This article leads on from my last post – The Best Way to Buy and Sell Consultancy Services – in which I discussed the need for buyers and sellers to rethink the role and practice of procurement.
My advice was that procurement professionals need to think more like strategic business people, and less like guardians of the spend process. Their focus needs to shift to problem solving and value. Failure to do so results in unworkable engagements that serve no one’s interest.
However that’s just the start. Buyers and sellers also need the soft-skills necessary to understand the context in which services are being procured, both at a project and organisational level.
In many organisations, particularly large corporations, the centre of gravity moves often and quickly. When it comes to engaging consulting services, the executives who are able to dictate external spend decisions today may not be able to do so tomorrow. Suppliers can be caught out too, particularly if by association this may impact their potential for future work.
Your political radar needs to be on at all times and procurement professionals can gain a lot of respect in the supply market by proactively keeping suppliers in the loop when the organisational environment starts to change. The quid pro-quo is hugely valuable – service providers will be more inclined to inform procurement when they have been approached directly about a potential piece of work. In this category the more forewarned both parties are, the more value they can deliver.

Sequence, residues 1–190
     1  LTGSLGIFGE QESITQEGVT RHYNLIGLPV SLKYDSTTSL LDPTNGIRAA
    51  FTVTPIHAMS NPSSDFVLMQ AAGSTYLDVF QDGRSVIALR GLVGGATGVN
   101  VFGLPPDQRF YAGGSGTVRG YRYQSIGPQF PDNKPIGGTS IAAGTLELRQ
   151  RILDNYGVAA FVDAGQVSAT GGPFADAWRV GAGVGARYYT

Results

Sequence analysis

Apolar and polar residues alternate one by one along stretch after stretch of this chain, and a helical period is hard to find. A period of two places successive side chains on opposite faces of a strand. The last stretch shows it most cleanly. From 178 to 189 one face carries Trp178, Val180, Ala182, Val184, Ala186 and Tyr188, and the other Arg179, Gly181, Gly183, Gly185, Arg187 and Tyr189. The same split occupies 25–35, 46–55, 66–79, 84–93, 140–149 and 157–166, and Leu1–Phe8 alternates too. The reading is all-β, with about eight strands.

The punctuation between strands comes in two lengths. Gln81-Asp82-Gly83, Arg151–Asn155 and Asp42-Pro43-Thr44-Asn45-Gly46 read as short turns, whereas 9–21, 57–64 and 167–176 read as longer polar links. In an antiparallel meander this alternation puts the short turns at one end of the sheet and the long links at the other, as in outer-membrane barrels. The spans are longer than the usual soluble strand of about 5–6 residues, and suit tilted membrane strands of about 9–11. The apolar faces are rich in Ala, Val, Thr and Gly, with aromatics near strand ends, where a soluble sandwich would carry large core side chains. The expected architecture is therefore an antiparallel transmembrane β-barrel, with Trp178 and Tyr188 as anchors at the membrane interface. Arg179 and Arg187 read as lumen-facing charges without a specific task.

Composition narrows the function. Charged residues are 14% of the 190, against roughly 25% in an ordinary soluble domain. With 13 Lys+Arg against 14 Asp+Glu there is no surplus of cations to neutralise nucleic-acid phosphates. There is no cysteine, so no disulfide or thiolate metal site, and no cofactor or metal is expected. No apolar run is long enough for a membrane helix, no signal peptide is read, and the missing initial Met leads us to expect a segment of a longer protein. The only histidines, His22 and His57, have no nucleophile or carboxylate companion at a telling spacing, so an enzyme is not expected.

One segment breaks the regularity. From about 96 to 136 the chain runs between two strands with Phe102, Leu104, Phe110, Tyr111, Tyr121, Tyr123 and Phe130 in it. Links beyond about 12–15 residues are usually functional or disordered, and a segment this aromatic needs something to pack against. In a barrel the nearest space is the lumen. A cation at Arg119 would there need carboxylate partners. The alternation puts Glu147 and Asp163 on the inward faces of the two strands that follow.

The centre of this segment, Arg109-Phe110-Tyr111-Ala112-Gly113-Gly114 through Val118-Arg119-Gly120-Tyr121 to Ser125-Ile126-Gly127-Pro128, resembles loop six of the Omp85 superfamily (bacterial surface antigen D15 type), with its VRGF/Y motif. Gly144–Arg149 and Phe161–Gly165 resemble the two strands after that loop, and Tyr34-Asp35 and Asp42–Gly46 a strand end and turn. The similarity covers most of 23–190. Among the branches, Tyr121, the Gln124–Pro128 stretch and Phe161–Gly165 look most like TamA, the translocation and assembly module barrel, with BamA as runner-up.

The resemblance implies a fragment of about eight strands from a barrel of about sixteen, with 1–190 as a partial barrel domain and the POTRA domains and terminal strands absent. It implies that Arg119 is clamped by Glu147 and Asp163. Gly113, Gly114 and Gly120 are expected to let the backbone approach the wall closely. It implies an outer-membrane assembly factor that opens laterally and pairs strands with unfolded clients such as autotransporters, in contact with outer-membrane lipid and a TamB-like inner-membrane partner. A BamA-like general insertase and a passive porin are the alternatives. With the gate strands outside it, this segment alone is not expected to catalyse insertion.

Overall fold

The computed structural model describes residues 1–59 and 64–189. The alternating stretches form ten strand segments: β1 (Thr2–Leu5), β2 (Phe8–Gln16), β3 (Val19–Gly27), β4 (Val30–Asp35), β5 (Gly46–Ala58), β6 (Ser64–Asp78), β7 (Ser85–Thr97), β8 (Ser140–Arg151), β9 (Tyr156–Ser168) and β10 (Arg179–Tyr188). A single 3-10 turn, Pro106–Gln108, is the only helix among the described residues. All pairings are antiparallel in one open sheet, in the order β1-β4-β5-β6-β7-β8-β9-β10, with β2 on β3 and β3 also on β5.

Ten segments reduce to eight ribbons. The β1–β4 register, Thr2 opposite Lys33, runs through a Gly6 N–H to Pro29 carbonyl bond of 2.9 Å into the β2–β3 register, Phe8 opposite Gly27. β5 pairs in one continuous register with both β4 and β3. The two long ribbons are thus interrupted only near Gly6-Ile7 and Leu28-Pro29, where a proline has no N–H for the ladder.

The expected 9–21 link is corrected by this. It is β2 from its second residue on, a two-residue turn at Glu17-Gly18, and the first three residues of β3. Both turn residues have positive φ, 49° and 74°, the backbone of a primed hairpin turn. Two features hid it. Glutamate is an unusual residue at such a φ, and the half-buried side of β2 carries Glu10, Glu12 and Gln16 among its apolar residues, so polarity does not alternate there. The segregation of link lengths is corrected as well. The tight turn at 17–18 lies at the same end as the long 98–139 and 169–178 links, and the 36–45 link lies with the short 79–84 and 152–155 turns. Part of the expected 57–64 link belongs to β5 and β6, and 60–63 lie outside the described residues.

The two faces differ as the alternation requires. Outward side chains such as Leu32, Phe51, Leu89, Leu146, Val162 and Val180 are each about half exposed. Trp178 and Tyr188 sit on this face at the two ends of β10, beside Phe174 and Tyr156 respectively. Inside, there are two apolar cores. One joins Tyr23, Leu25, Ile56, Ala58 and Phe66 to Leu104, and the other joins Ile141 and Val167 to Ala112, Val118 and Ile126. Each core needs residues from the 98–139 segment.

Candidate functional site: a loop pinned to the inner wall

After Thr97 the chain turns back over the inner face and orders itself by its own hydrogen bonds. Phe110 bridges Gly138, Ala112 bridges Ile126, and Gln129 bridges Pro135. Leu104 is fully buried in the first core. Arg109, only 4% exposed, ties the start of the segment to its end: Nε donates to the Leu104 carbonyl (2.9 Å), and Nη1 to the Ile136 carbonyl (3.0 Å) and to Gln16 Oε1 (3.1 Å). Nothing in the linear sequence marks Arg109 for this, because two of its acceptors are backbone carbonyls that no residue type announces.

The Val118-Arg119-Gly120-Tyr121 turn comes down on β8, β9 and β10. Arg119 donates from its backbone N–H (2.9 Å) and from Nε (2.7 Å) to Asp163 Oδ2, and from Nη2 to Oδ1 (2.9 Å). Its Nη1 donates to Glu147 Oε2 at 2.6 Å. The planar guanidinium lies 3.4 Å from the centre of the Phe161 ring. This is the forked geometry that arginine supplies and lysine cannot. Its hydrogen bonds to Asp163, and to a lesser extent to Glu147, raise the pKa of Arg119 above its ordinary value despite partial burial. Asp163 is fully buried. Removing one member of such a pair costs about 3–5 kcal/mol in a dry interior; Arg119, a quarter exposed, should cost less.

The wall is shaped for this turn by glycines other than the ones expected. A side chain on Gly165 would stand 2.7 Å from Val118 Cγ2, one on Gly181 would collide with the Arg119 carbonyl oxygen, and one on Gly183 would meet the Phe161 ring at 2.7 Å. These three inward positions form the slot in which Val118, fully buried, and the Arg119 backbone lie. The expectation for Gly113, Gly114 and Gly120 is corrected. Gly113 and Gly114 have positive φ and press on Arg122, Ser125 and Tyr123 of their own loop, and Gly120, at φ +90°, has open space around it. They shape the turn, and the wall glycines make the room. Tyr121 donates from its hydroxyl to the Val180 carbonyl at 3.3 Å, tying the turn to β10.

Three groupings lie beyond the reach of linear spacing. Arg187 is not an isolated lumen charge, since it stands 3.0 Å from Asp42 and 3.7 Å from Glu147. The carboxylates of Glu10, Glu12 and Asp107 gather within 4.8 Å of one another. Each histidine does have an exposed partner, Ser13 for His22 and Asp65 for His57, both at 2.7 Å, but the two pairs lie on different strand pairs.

Read the Situation
The intuition required to judge the political landscape is also required to gain a sense of the urgency of a situation.
Yes there should be spend guidelines. Yes qualified suppliers should be considered first if that is part of your overall approach. Yes wherever possible standard terms of engagement should be used. BUT procurement professionals must possess a large quantity of pragmatism in this category and be savvy enough to recognise how to press the ‘overlay button’ if it is necessary to support a particular business need.
In reality, procurement has its default personality-types as much as any other profession, and what I’m asking for here will be outside the comfort zone of many. It requires a change in perception and attitude; the softer skills of influence and intuition that count for so much yet are valued so little.
At 100% Effective we’re doing a lot to educate the profession, and suppliers to boot, in the culture and methodologies that facilitate mutually beneficial relationships. For example I spoke at the eWorld Purchasing & Supply forum last week, discussing similar ideas to those summarised here.
The response was excellent – from both purchasers and suppliers. There is a general sense that more can be done in this space to build in efficiency and transparency, and I’m optimistic about the prospects for change.
Next time I’ll be discussing how buyers and suppliers can work together to shape the scope of work, as well as how making the case for why procurement’s role shouldn’t end when the deal is signed.
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